Concept: Rotary dial
Depression is a common, burdensome, often recurring mental health disorder that frequently goes undetected and untreated. Mobile phones are ubiquitous and have an increasingly large complement of sensors that can potentially be useful in monitoring behavioral patterns that might be indicative of depressive symptoms.
Applying mobile phones in healthcare is increasingly prioritized to strengthen healthcare systems. Antenatal care has the potential to reduce maternal morbidity and improve newborns' survival but this benefit may not be realized in sub-Saharan Africa where the attendance and quality of care is declining. We evaluated the association between a mobile phone intervention and antenatal care in a resource-limited setting. We aimed to assess antenatal care in a comprehensive way taking into consideration utilisation of antenatal care as well as content and timing of interventions during pregnancy.
There are a growing number of mobile phone apps available to support people in taking their medications and to improve medication adherence. However, little is known about how these apps differ in terms of features, quality, and effectiveness.
mHealth interventions that use mobile phones as instruments for illness management are gaining popularity. Research examining mobile phone‒based mHealth programs for people with psychosis has shown that these approaches are feasible, acceptable, and clinically promising. However, most mHealth initiatives involving people with schizophrenia have spanned periods ranging from a few days to several weeks and have typically involved participants who were clinically stable.
Digital mental health tools have tended to use psychoeducational strategies based on treatment orientations developed and validated outside of digital health. These features do not map well to the brief but frequent ways that people use mobile phones and mobile phone apps today. To address these challenges, we developed a suite of apps for depression and anxiety called IntelliCare, each developed with a focused goal and interactional style. IntelliCare apps prioritize interactive skills training over education and are designed for frequent but short interactions.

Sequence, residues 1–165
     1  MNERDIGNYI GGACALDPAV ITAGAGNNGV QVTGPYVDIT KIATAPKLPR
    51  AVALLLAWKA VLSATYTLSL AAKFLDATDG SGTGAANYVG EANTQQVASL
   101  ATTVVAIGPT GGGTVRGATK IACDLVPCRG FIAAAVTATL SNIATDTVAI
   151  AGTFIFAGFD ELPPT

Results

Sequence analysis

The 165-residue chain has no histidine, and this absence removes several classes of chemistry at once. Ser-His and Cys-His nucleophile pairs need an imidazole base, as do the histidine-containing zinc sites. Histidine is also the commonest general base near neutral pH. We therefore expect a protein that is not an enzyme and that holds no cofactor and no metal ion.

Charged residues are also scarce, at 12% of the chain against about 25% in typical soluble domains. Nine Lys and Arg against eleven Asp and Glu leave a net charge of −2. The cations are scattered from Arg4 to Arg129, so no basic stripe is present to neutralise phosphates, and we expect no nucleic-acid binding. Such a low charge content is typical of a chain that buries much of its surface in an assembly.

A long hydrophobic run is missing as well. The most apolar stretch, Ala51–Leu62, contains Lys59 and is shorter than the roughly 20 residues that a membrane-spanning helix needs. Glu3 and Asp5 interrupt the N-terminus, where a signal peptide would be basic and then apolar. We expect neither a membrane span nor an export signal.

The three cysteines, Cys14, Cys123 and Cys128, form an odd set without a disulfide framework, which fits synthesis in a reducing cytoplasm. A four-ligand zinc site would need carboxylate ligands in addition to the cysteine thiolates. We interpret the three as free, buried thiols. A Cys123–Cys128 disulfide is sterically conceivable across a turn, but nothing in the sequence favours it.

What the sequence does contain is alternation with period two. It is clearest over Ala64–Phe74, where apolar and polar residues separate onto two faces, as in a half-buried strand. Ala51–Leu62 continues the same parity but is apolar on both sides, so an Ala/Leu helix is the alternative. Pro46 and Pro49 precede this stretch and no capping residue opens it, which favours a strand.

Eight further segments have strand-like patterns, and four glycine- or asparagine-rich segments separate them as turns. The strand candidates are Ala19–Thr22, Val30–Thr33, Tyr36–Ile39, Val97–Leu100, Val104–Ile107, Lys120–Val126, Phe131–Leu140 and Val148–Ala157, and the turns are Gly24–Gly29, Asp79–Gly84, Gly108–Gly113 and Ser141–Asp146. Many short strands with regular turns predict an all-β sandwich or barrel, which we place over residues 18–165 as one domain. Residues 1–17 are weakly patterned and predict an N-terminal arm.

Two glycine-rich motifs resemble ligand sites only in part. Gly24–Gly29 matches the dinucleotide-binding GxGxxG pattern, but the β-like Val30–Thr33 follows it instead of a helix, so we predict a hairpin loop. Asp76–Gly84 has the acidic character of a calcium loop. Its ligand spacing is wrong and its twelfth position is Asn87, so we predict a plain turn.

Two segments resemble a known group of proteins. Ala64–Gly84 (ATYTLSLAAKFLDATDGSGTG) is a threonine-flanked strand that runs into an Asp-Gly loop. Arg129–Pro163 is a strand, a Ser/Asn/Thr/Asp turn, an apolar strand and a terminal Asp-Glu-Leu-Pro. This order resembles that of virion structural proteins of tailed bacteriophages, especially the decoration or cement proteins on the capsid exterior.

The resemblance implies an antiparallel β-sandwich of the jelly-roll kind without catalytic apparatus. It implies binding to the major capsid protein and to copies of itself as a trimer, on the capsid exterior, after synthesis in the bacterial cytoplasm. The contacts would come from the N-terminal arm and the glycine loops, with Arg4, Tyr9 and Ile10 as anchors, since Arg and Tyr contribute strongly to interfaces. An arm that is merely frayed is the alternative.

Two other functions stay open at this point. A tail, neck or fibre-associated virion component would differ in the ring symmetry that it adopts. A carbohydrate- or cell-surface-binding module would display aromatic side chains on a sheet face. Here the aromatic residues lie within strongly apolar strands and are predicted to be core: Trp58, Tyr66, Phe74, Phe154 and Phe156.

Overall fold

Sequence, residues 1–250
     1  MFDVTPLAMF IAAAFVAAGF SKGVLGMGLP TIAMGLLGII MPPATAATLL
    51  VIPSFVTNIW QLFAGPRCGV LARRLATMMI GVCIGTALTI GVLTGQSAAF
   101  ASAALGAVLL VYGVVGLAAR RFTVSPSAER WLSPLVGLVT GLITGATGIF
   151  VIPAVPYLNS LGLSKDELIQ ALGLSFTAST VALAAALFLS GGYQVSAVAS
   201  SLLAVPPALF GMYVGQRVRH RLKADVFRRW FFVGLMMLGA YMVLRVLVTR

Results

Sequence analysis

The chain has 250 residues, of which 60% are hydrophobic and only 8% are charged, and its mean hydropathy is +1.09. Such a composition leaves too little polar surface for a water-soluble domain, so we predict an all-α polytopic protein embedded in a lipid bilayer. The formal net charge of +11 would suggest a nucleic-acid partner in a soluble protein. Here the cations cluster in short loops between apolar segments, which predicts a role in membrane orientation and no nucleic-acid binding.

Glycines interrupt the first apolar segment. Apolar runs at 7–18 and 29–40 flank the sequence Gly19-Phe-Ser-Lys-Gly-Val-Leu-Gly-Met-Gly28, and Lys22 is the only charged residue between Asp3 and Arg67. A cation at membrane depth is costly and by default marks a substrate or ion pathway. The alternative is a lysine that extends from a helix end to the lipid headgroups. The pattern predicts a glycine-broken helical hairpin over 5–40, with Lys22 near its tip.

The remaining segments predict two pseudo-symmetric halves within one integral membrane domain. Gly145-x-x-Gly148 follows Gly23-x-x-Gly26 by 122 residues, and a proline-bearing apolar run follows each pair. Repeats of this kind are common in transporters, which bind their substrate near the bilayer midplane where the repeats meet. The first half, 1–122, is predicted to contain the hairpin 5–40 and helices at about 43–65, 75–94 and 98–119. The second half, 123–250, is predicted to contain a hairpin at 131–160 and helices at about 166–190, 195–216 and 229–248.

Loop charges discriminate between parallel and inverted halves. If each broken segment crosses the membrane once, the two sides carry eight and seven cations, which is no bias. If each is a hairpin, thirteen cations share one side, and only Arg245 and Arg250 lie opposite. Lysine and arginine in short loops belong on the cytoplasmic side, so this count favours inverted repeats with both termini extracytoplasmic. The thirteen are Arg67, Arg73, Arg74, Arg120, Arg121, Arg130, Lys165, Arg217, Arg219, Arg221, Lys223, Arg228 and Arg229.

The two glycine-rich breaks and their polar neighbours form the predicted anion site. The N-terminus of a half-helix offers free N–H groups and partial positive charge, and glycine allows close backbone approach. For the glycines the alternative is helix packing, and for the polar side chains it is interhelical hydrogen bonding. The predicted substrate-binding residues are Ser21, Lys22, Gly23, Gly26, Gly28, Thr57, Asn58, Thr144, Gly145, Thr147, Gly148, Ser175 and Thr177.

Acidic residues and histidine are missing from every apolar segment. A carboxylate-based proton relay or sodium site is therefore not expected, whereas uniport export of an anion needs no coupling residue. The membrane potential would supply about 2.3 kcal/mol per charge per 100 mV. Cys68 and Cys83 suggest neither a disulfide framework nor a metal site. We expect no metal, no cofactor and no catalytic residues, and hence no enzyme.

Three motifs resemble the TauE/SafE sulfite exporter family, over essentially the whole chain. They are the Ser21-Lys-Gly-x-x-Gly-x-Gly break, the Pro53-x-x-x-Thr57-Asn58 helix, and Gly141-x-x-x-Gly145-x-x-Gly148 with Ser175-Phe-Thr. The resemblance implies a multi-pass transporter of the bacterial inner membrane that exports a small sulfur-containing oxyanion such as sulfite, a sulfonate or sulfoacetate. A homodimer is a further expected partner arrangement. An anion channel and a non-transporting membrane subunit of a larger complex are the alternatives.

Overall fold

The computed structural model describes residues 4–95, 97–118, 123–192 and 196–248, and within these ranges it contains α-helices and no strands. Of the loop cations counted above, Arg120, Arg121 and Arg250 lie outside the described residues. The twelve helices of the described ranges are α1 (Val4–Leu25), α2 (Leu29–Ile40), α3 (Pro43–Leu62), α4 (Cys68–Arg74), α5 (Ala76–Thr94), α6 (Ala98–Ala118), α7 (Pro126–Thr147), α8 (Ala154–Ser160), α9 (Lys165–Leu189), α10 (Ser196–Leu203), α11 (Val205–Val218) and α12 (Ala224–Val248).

This case report is intended to inform clinicians, endoscopists, policy makers and industry of our experience in the management of a rare case of mobile phone ingestion.
Mobile phone use in Australia has increased rapidly since its introduction in 1987 with whole population usage being 94% by 2014. We explored the popularly hypothesised association between brain cancer incidence and mobile phone use.
Mobile phone health apps may now seem to be ubiquitous, yet much remains unknown with regard to their usage. Information is limited with regard to important metrics, including the percentage of the population that uses health apps, reasons for adoption/nonadoption, and reasons for noncontinuance of use.
The carcinogenic effect of radiofrequency electromagnetic fields in humans remains controversial. However, it has been suggested that they could be involved in the aetiology of some types of brain tumours.
Adherence to long-term therapies in chronic disease is poor. Traditional interventions to improve adherence are complex and not widely effective. Mobile telephone text messaging may be a scalable means to support medication adherence.